What’s your Bermuda triangle? You know, the three points on your phone that you check, and then once you have successfully checked all three, you loop back around and start again? For many of us, it’s something as seemingly small as our phone’s Bermuda triangle that makes it feel impossible to pray.
For me, it’s Mail, Slack (team communication) and Twitter. I know Twitter. 🙈
The other day as I found myself on lap 3 or 4, I asked myself “What are you expecting to find?”
And the reality is, the answer was pretty clear. I wasn’t really expecting anything grand. I knew what I would find because it was the same thing I always found. And I knew the results weren’t strong enough to keep me in this cycle of distraction, but it had such a powerful hold on me that I really didn’t feel like I had any other choice.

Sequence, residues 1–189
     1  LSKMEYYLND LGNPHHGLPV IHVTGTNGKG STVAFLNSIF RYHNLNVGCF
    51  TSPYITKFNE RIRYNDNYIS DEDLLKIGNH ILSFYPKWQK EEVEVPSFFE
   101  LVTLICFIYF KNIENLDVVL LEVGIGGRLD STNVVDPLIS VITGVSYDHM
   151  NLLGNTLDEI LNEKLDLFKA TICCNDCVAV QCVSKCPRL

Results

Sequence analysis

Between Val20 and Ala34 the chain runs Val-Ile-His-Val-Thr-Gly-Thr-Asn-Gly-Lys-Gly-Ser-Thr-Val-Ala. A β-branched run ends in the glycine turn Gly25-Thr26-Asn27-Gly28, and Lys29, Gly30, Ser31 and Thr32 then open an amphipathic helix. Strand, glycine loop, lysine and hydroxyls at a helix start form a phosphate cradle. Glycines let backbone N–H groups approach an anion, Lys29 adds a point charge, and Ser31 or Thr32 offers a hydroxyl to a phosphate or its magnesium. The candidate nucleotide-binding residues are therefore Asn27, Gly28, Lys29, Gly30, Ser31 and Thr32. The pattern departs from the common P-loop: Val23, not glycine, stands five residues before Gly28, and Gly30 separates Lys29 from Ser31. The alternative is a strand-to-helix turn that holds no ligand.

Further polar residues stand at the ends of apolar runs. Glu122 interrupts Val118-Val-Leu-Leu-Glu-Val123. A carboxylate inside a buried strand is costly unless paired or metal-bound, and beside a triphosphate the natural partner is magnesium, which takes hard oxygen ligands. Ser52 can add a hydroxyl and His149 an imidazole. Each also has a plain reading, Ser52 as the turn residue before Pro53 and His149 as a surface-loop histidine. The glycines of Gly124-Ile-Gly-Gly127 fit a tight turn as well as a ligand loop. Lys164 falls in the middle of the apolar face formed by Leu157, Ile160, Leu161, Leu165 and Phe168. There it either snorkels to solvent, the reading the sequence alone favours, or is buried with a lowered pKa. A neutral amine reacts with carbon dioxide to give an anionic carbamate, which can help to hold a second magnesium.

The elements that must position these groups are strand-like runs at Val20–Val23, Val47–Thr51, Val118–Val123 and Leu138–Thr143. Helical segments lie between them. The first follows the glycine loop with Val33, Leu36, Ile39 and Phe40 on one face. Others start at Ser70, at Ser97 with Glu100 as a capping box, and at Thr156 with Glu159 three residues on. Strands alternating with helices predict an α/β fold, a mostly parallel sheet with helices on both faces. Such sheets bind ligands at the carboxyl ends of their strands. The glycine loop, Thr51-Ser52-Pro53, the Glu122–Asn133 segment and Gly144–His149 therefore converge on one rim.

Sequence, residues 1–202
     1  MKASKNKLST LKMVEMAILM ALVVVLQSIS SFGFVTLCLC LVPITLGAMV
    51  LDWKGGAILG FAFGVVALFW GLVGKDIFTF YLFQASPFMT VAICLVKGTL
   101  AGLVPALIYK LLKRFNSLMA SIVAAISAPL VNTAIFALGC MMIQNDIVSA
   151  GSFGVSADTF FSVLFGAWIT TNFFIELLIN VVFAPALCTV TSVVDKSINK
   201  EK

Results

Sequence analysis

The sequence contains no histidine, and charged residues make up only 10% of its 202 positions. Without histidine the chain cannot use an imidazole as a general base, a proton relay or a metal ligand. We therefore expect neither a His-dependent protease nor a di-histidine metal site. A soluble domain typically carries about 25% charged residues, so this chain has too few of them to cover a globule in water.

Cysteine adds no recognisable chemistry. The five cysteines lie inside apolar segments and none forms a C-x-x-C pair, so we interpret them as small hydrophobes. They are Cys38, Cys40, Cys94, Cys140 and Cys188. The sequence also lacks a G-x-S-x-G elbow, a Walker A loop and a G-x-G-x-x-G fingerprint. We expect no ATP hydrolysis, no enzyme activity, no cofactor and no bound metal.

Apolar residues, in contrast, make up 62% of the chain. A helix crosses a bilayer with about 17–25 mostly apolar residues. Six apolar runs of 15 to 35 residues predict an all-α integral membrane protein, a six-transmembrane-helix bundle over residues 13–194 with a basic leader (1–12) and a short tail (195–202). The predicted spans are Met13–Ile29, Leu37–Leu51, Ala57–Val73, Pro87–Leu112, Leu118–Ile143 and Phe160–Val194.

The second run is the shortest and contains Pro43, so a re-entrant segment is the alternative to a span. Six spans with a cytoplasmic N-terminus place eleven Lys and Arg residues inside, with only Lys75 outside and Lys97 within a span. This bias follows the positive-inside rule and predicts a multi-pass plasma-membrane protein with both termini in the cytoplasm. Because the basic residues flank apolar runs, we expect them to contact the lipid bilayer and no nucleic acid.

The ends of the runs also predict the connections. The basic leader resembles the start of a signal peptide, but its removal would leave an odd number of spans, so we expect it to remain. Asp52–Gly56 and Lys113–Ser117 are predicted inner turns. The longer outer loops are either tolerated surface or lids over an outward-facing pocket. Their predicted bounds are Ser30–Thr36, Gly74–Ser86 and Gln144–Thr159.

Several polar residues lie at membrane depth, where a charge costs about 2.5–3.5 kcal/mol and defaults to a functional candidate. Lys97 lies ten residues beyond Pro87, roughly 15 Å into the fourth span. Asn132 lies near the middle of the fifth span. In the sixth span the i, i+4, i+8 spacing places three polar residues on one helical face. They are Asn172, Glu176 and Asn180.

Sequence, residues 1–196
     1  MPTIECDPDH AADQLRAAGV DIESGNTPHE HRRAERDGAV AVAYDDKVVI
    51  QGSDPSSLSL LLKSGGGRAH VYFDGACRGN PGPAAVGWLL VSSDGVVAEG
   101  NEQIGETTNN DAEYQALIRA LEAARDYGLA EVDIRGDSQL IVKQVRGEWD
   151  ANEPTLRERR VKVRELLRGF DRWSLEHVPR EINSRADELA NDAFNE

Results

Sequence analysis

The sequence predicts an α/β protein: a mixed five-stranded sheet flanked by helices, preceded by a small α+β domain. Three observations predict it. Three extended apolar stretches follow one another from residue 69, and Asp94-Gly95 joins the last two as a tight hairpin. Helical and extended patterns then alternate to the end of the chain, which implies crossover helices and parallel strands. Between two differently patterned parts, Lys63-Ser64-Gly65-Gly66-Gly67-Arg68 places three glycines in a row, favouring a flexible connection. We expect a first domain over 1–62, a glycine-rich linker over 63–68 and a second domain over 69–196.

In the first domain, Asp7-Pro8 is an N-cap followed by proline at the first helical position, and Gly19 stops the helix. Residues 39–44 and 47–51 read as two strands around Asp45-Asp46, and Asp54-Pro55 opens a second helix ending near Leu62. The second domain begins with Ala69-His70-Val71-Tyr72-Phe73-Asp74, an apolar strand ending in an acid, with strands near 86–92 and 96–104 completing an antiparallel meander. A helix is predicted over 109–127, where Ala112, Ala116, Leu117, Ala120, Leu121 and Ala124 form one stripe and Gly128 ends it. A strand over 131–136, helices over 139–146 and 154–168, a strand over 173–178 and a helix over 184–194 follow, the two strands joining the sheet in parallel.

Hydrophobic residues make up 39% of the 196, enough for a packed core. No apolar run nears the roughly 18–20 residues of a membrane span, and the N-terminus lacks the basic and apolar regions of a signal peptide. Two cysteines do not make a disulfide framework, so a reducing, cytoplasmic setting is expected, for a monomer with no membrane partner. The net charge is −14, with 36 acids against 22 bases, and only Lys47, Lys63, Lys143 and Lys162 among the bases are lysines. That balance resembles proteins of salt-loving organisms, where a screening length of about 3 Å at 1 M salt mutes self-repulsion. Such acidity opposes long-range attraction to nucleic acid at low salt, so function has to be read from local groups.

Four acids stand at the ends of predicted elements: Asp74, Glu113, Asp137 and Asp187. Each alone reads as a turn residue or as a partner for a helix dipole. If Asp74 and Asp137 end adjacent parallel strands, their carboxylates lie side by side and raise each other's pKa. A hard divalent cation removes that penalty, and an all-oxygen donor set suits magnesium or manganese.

If you had suggested I shut off my phone and pick up my prayer journal, I would have told you:
It feels impossible to pray.
Been there? Of course, you have. You might be there right this very second scrolling through a blog. I get it.
I remember one particular sickness when I spent 2 whole days in bed and basically two hole days of Seinfeld reruns.
Did not crack open a book or my prayer journal. Why?
It felt impossible to pray.
The temptation to keep our minds on screens is so thick. And we know why. It’s literally peoples’ job to figure out the best ways to keep us scrolling. They’ve created little dopamine hits each time we pull down and new posts refresh. If you kept clicking on Instagram and nothing new appeared, you’d move along. Instead, you’re “rewarded” for pulling down the same way you pull down on a slot machine in a casino.
I say all that to say, this feeling like it’s impossible to pray is weighing on all of us. You aren’t alone in that feeling. We all face the struggles. Even the ones who make prayer happen are faced with the same struggles. What’s the difference?
A strawberry helped me understand it.